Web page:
Suquamish Tribe, State to Search for Herring Populations

The Suquamish Tribe is adding herring to the mix of forage fish being surveyed in Puget Sound.

Herring are considered a Puget Sound vital sign, an indicator of the sound’s health, and an important part of the food web as a prey source for salmon and other wildlife.

For the next two years, the tribe is partnering with the Washington Department of Fish and Wildlife (WDFW) to conduct acoustic trawl surveys for herring – something that has not been done in more than a decade, said Steve Todd, the tribe’s salmon recovery biologist.

The acoustic survey will use an echosounder to locate herring in the water column prior to spawning. A trawl net will collect fish to sample biomass, age, sex and fecundity.

Annual herring egg surveys also are being conducted, using an extended rake to look for herring eggs in eelgrass and other submerged vegetation.

The acoustic/trawl surveys will focus primarily on waters known to support herring around East Kitsap County, including the waters off Port Orchard and Port Madison, plus Yukon Harbor, north of the Hood Canal Bridge and Quilcene Bay.

“It’s a good example of the tribe and WDFW working together on something really important for Puget Sound,” Todd said. “The focus is often on salmon, for good reasons, but herring also has been very important traditionally to Puget Sound tribes as sustenance, particularly during late winter and spring prior to the return of salmon.”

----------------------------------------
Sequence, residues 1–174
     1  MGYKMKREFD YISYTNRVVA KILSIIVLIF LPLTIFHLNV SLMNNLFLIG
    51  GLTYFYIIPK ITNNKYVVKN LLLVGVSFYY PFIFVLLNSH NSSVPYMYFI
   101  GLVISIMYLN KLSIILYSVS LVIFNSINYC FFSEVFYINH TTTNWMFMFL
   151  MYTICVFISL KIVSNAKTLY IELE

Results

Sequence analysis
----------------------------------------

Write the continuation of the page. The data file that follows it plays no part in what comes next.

Other forage fish, such as surf smelt, sand lance and northern anchovy are commonly found in Puget Sound. Surf smelt have been harvested by the tribe for consumption since time immemorial.

Healthy forage fish populations are essential for salmon recovery because salmon rely on them as a high energy food source, Todd said. The stocks also may help reduce predation pressure on juvenile salmon because other fish, marine mammals and birds consume forage fish too.

Forage fish are sometimes referred to as “buffer” prey because they buffer the effects of predation on juvenile salmon, Todd said.

A separate ongoing study has shown when anchovy abundance is high in Puget Sound, the early marine survival of some juvenile salmon species also is high, suggesting that common predators are feasting on the anchovy and less so on salmon, he said.

Herring spawn in Quilcene Bay in March 2021. Photo: WDFW

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